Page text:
The developer’s concept of the project was to attract luxury fashion, jewelry and accessory brands that were comfortable outfitting not only their store’s interior, but also the exterior. The urban nature of the project enabled many of these brands to expand beyond a typical retail storefront installation and extend their branding image to segments of buildings and, in some cases, construct standalone edifices. Whereas most retail projects occur within a mall setting or retrofit an existing building, this project had to accommodate the tenant's needs without fully understanding what they would want. Moreover, the final building was somewhat incomplete and would not be fully completed until all tenants built-out their respective units.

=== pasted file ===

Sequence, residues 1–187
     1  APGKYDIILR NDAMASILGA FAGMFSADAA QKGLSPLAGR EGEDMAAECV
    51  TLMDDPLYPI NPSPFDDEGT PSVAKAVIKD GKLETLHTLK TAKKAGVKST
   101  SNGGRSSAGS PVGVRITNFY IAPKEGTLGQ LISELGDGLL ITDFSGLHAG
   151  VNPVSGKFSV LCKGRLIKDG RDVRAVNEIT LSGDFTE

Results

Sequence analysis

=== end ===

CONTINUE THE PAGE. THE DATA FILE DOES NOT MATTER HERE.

This notion of permitting a building with missing components, such as storefronts that make up a large portion of the Project’s street facing elevations, was difficult to convey to the various departments within the city. In effect, the city was approving an entire city block without knowing the appearance of the final building. While the developer’s "Special Area Plan," created in conjunction with the master planner, intended to provide the city with guidelines and safeguards ensuring that non-complying designs would not be permitted, there still was much hesitancy on the city’s part to approve the building. The city’s resistance forced the architect and the developer to create booklets further describing the intent of the project and visually demonstrated how the individual components of the building would be code compliant. Additionally, a district-wide spreadsheet had to be generated for the city explaining how the project was meeting open and civic space requirements since, in some cases, these were met off-site.